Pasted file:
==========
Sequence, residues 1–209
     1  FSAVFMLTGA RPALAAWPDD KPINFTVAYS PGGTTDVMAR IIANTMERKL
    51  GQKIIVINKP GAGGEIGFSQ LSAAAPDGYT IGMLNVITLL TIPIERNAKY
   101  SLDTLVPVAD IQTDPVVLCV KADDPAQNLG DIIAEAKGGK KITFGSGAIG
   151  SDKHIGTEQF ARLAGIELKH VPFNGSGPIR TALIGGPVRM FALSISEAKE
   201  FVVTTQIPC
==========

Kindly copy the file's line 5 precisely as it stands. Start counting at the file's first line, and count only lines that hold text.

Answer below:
   151  SDKHIGTEQF ARLAGIELKH VPFNGSGPIR TALIGGPVRM FALSISEAKE